A.R.S. §13-1902What is the Definition?
A person commits the crime of Robbery where the threat of force or use of force is used to obtain property or service(s) from a person’s immediate possession.1 If an accomplice2 helps the suspect at the scene, then the crime is called Aggravated Robbery. If either the suspect or the accomplice is armed with a deadly weapon or threatens to use a deadly weapon, then the crime is called Armed Robbery. Force is defined in 13-1901(1) as “any physical act” that is used to gain control of the property.What Elements of the Crime Must Be Proven?
In order to find you guilty, the prosecutor must prove each of the four (4) elements of the crime:
- You took the property of another;
- From their person or in their immediate presence;
- Without their permission;
- By the use of or threatened use of force.
If you are charged with Aggravated Robbery, an additional fifth element must be proven:
- An accomplice is present at the scene who helps you.
Similarly, if you are charged with Armed Robbery, an additional fifth element must be proven:
- You or your accomplice was armed with a deadly weapon or threatened to use a deadly weapon. Such deadly weapon may include a gun, knife, or other dangerous instrument.
I have a personal example of a robbery, as I was a victim of one. When I lived in San Francisco for my first job out of law school, I was on the bus standing with my cell phone when some stranger grabbed my cell phone from my hands and ran off the bus during a stop. I remember feeling visibly shaken as it was literally taken in my presence. The bus did stop, a police report was taken, but the suspect was never apprehended.What Are the Defenses?
- You did not take the property from another person’s immediate presence;
- You had permission to take the property;
- You did not use or threaten force to take the property;
- Law enforcement arrested wrong person.
The penalties for Robbery fall right in between of the wide range of penalties for theft as it is classified as a Class 4 Felony, punishable up to 3.75 years in prison. Felonies in Arizona can range between a Class 1, which is the most serious, to a Class 6, which is the least serious; therefore, Robbery falls right in the middle. One exception to this rule is if the crime is charged as an Armed Robbery, in which case you will be charged with a Class 2 Felony.What are the Immigration Consequences?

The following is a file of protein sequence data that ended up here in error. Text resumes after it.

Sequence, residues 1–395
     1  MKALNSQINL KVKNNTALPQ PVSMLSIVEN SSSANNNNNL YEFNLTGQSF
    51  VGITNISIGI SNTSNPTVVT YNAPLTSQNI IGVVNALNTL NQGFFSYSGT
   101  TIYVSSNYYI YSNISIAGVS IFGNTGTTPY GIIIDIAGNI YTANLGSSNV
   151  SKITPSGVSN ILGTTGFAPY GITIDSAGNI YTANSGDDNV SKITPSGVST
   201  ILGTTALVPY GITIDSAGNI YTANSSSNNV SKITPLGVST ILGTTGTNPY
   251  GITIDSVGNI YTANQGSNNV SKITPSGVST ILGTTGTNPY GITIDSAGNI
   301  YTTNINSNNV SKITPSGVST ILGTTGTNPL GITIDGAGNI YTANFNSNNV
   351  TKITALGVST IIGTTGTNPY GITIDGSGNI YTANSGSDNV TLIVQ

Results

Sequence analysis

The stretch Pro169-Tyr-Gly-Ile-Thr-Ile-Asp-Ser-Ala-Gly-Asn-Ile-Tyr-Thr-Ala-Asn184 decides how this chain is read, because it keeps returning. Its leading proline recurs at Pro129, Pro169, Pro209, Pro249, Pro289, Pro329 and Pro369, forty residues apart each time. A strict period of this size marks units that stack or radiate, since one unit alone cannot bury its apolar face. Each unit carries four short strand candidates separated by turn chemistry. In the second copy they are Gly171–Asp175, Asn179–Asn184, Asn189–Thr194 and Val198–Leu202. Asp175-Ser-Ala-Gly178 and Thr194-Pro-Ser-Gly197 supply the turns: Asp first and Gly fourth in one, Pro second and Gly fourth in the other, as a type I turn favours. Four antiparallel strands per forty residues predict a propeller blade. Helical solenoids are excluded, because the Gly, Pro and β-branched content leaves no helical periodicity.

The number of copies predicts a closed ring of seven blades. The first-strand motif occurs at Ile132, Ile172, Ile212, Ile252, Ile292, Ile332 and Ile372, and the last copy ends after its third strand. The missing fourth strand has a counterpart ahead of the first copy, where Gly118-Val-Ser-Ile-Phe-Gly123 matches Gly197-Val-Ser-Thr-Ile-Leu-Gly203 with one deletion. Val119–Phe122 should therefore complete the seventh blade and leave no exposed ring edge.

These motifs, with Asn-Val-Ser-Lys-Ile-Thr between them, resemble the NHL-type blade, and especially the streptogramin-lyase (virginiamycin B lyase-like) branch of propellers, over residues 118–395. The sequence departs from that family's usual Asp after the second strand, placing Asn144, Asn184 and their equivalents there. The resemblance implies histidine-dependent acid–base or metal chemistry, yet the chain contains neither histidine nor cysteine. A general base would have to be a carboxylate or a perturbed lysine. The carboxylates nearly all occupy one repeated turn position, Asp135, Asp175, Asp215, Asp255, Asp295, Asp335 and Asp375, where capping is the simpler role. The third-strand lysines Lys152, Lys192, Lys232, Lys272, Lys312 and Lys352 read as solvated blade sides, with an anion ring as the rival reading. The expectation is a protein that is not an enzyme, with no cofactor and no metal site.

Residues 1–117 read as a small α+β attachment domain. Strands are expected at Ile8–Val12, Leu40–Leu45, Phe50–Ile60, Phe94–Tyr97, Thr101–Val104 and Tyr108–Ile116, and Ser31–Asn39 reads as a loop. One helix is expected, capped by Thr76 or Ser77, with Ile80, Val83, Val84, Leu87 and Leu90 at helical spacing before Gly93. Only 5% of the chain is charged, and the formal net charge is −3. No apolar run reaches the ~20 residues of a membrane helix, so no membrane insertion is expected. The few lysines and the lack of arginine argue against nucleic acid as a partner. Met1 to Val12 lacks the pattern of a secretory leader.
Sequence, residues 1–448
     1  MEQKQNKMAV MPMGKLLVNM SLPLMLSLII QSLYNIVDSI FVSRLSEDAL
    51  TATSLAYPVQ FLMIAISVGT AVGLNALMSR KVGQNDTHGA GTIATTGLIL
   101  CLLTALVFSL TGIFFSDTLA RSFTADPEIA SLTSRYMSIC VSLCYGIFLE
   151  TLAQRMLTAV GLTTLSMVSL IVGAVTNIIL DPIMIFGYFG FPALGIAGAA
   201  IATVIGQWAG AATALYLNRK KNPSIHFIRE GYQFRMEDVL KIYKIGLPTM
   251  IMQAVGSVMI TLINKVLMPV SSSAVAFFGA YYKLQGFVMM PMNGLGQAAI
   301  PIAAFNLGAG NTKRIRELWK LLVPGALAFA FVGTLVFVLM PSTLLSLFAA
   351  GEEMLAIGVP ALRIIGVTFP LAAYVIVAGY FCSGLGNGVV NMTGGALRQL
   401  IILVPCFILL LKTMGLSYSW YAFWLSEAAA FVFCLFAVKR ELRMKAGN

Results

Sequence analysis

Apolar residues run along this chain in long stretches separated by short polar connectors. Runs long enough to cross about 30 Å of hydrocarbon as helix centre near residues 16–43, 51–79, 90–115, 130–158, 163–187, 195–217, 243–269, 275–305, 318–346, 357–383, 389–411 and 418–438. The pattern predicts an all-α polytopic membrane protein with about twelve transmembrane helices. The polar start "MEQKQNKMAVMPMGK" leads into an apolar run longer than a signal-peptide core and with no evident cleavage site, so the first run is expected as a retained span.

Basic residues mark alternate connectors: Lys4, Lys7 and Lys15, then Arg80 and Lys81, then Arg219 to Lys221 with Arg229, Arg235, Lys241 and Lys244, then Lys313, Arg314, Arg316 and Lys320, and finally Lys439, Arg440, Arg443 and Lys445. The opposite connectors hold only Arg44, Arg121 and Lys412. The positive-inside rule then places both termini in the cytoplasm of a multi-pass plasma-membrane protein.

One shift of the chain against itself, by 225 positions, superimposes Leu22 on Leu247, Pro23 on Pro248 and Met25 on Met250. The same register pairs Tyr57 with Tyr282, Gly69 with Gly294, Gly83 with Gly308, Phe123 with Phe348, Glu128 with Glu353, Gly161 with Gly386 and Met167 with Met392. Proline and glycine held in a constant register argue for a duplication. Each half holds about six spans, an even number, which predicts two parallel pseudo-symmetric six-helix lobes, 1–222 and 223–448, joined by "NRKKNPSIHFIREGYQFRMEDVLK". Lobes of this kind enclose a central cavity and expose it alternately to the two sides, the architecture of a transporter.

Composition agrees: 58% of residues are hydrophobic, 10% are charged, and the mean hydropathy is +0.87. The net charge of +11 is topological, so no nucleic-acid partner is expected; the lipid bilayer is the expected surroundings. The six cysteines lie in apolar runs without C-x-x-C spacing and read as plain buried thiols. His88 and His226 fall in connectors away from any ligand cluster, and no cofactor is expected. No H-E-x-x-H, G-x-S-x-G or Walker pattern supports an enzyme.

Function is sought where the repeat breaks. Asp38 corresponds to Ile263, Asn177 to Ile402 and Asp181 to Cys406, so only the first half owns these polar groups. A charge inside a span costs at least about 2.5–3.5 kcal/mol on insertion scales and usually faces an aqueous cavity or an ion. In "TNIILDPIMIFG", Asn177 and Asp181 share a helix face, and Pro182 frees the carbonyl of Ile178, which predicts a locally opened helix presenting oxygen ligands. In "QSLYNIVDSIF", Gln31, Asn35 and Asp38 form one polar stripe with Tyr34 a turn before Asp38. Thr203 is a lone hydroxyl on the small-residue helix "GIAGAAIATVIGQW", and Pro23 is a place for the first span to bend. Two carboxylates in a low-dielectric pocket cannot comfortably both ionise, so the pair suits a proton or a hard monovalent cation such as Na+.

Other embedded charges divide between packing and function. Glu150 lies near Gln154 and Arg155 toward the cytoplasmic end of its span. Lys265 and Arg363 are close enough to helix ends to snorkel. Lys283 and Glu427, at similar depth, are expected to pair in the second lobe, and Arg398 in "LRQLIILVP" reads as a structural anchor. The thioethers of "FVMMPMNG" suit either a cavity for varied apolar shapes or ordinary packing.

Although your criminal defense attorney may win you a good plea in Maricopa Superior Court, this same plea will harm you in Immigration Court. If you are a visa holder or undocumented immigrant who is trying to obtain your green card, then a plea to Robbery will make you inadmissible, as it is a Class 4 Felony. This means, you will be summoned to Immigration Court, charged with a ground of inadmissibility, and deported from the United States. Similarly, if you are a green card holder, a guilty plea to Robbery can make you subject to deportation if you have been convicted of any other CIMT since receiving your green card. By hiring a Lavy Law Phoenix Theft Attorney, you can feel rest assured that you will receive an immigration safe plea.
1  A.R. S. §13-1902
2  An accomplice is defined by A.R.S. §§13-301 and 13-303(A)(3) as a person, who, with the intent to promote or facilitate the offense does any of the following: (1) solicits or commands another to commit offense, or (2) aids, counsels, agrees to aid, or attempts to aid another person in planning or committing offense, or (3) provides means or opportunity for another to commit the offense.